Merritt Ruhlen was my guy. He not only claimed that all languages sprang eventually from a single initial source, he provided evidence that he said made that the mostly likely reality. He was almost universally reviled a generation ago, and is still disdained, though younger historical linguists are giving him some grudging acknowledgement. A PhD linguist who was a student of Joseph Greenberg of Stanford, likewise dismissed as terrible. Ruhlen recently died, and I think missed the new tidbit of DNA evidence that speaks in his favor. It is not the first. Research from other field, increasingly including archaeology and genetics, have vindicated them. Plus other linguists had always sulkily agreed that both were excellent at classification.
I have written about the controversy many times before, if you are interested. About half of these don't pertain, though. You will have to skim.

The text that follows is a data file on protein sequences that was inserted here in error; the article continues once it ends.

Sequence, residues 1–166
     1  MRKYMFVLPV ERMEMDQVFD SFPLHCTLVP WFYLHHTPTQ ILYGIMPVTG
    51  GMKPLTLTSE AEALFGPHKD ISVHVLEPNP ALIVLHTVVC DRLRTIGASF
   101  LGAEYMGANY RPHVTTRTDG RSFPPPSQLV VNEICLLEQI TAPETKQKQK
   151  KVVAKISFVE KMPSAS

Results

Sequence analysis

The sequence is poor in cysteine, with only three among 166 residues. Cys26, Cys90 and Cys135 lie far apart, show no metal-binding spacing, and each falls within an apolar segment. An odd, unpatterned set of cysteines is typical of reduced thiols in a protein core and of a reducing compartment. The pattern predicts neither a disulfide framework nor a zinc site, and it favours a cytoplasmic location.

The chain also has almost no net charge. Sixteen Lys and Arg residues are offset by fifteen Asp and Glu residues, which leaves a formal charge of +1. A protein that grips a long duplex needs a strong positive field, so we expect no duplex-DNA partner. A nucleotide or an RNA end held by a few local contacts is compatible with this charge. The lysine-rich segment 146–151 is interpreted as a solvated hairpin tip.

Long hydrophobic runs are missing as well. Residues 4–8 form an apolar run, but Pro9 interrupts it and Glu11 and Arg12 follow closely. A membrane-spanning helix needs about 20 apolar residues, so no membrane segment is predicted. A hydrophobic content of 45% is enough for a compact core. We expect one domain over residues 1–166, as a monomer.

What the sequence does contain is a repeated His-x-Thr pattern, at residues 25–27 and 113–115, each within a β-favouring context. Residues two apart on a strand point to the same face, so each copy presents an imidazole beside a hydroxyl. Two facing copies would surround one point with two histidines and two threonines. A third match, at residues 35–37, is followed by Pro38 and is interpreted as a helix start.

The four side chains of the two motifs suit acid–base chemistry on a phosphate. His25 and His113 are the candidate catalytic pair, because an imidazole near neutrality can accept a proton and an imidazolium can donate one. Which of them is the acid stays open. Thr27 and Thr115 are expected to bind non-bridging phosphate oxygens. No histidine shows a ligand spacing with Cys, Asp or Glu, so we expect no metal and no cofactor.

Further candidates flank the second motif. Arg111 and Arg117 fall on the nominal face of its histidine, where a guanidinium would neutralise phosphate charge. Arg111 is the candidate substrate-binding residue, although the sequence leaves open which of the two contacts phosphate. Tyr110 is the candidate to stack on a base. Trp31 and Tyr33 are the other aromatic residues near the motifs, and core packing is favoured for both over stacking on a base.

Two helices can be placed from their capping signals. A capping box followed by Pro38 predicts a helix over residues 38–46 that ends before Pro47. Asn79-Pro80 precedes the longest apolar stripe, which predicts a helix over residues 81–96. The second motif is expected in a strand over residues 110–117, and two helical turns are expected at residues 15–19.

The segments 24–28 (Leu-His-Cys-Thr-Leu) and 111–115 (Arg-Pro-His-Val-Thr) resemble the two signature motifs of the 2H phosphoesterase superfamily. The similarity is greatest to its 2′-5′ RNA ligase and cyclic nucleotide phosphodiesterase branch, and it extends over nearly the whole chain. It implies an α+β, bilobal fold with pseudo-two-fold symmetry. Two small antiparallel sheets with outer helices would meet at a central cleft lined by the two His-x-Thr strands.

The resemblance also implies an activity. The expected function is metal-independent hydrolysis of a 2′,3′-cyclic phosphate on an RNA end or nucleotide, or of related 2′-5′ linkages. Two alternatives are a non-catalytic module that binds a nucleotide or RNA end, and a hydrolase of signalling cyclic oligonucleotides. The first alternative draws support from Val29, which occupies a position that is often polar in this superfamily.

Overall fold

For the moment, the interesting piece is his claim that the Kusunda language was related to Juwoi in the Andaman Islands. They are a thousand miles apart, with lots of mountains and oceans creating barriers. Worse, there are no languages in between them that would suggest a connection, and at the time of the claim, it was believed that these peoples had not been in any contact for 80,000 years. Linguists believe that language relationships cannot be detected beyond 10,000 years, so this was hooted at. (When I was in school anything more than 5000 was considered suspect. So things change.) Things got a bit better over the years and the time distance dropped to 60,000 years, but still excessive. But new DNA evidence suggests that because one population pushed out another on the way to the islands, the real number is now only 25,000 years. Even that would be a lot, but because one of the main similarities is a pronoun ("He, she, or it" gita versus kiteh), it is looking like less of a stretch, as pronouns are some of the most stable words in families of languages. Ich in German and ego in Greek are separated by a few thousand years, for example.
Genetics and language relationship are not proofs of each other. One only needs look at America to see that a lot of genetically diverse people are all speaking English. But it happens often enough that it is the first line of inquiry when there is any question.